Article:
Wednesday, May 21, 2008

In defense of SUGAR




Have I mentioned how much I love love love the Hood Internet? I am always impressed when a project is able to straddle the intersection of theory and practice, and to do so seemlessly. The idea behind the Hood Internet, apparently, is that people no longer have time to listen to both hip-hop/R&B AND indie rock, so the two djs who are the Hood Internet have made it their mission to mash up the best and the worst of the two genres, and the results are nothing short of spectacular. Standout tracks for me were R Kelly/Broken Social Scene, Project Pat/Shout Out Louds, and the ABSOLUTELY FREAKIN' ASTOUNDING Common/Bloc Party track (courtesy of Dr. J). All tracks are freely available (through zShare, which can be an awful pain, unfortunately), and if you get a chance, suport the Hood by checking them out live at various music festivals.


I love my XO, and what One Laptop Per Child stands for. There has been a lot of talk recently about Sugar breaking away from OLPC, culminating in the recent foundation of Sugar Labs, and this can only be a good thing. For me personally, the Sugar interface presents an incredible shift away from the time-wasting and procrastination which have plagued my past endeavours. In a similar vein, I have been really impressed in the past with the simplicity of the operating system, if you would call it that, in the original Alphasmart word-processor. The Alphasmart has now evolved into the Dana, a cool word-processor designed for students, which runs PalmOS, but the original OS consisted of 8 buttons each representing a file. Click the button and start writing or editing. This leaves no scope for time-wasting. With Sugar, you benefit from a similar simplicity. When I open up my journal (the Sugar activity manager is called the journal), I see links to the last 10 activities I have been working on. More are available if I scroll down, but I rarely do, since, chances are, I want to resume one of these ten activities, even if I have no activity in mind when I turn the laptop on. When I complete an activity, for instance, by finishing up a document, I back it up on the SD card and remove it from the journal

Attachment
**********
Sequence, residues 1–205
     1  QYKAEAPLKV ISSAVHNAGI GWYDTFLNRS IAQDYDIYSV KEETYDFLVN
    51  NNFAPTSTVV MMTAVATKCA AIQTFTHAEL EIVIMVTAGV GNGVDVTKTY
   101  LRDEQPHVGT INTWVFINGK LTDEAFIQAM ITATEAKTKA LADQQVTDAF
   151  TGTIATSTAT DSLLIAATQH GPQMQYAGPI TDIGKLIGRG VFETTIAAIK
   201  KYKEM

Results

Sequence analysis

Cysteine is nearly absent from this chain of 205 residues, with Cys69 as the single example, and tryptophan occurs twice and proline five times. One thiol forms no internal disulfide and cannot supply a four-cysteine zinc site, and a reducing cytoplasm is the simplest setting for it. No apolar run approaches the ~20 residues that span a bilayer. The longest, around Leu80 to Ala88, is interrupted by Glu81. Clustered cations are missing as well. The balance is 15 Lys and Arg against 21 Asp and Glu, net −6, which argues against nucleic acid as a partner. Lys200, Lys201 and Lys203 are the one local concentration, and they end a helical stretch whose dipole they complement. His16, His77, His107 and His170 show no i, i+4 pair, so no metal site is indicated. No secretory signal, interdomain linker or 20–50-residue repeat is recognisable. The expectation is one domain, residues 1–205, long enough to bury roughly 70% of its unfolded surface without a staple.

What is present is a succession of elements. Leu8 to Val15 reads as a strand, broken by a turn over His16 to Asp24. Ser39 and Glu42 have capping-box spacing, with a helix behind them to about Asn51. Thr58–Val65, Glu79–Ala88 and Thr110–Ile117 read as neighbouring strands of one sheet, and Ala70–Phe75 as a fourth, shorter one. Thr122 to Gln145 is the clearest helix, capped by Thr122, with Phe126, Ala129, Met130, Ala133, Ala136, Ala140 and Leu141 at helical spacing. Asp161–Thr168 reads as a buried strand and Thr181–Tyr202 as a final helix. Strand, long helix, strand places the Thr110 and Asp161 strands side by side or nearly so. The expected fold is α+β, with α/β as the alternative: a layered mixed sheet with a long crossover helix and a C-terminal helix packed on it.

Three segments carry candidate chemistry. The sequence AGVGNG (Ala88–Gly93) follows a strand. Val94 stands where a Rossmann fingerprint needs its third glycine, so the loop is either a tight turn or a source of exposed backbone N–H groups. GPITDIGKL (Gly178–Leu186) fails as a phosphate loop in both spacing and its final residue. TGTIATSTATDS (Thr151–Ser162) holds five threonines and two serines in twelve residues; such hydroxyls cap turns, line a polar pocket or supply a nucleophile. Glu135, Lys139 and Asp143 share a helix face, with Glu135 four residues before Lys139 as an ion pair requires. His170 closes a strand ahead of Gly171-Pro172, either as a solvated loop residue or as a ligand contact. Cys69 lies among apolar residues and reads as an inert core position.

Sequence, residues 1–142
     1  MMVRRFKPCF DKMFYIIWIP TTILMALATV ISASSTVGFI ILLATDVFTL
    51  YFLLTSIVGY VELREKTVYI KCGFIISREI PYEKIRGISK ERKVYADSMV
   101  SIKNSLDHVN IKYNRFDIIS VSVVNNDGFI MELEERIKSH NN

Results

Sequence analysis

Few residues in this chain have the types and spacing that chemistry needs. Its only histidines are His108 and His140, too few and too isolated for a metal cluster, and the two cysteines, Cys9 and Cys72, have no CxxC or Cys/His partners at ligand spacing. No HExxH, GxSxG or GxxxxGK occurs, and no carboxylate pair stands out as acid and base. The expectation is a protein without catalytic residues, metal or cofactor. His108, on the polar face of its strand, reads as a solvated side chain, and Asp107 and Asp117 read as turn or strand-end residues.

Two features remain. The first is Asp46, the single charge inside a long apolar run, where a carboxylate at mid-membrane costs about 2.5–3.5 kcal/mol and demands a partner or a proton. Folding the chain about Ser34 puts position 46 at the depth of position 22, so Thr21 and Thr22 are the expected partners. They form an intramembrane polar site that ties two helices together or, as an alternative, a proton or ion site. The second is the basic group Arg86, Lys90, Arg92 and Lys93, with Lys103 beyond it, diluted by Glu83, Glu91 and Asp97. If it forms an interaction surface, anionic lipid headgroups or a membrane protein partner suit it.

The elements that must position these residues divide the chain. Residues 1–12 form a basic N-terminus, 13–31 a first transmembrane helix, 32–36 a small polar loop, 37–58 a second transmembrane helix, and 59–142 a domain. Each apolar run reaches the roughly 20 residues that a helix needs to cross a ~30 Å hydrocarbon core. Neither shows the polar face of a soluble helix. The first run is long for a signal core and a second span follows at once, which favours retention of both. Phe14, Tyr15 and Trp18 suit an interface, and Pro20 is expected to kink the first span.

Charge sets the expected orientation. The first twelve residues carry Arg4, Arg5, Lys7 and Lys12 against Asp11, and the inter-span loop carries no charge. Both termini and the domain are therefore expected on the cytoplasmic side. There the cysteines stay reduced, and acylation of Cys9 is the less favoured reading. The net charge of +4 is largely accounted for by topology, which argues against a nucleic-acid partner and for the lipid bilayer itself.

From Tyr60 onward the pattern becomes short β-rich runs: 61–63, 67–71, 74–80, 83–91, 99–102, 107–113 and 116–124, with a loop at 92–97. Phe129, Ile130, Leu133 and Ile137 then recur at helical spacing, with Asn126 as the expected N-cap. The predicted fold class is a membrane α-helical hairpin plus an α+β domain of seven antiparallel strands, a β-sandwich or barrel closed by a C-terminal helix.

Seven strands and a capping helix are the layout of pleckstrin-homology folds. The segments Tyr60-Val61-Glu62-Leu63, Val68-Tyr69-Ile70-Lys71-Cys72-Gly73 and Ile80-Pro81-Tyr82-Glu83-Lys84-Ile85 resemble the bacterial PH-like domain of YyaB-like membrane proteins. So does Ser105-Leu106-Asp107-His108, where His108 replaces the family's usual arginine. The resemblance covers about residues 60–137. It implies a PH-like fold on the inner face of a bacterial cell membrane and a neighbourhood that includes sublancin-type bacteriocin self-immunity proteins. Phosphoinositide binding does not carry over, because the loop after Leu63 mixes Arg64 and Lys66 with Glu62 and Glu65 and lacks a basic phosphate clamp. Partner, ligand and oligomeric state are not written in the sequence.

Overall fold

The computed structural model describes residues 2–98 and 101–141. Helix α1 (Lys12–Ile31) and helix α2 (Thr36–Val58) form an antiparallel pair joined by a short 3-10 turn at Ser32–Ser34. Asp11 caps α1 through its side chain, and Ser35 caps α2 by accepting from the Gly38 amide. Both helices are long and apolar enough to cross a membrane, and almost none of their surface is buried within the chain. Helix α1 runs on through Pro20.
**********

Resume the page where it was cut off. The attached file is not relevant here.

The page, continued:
Another innovation that raises the Hood Internet one level beyond is their use of photochoppery to enhance user experience: each audio mashup is accompanied by a visual mashup, showing the various artists hanging out, often in unusual circumstances. These images are offered for comic effect, but the effect is perfect, and well-executed and effortlessly ironic. I am myself a fan of the independent rock, however, I do find it often lacking in old-school Elvis-style libido, which, as Kurt Cobain taught us, rhymes with mosquito.


I can see the advantage to this for a child or a student or myself, as a writer; in my professional capacity, I have spent countless hours digging about for a particular document on Windows, but I deal with countless documents. When I am writing at home, however, I may have two or three documents in progress, but not more than this, and by being able to access "the last thing I was doing," quickly and efficiently, with no mucking around, I am saving time.



This is one reason I like Sugar, and one way it does something for me that Windows, or for that matter KDE or OSX, does not.

2 comments:

John Cougar Milliken said...

Whew! For a moment there, I thought you were going to defend Bob Mould's post-Husker Du snoozefest.

Anonymous said...

I am reading this article second time today, you have to be more careful with content leakers. If I will fount it again I will send you a link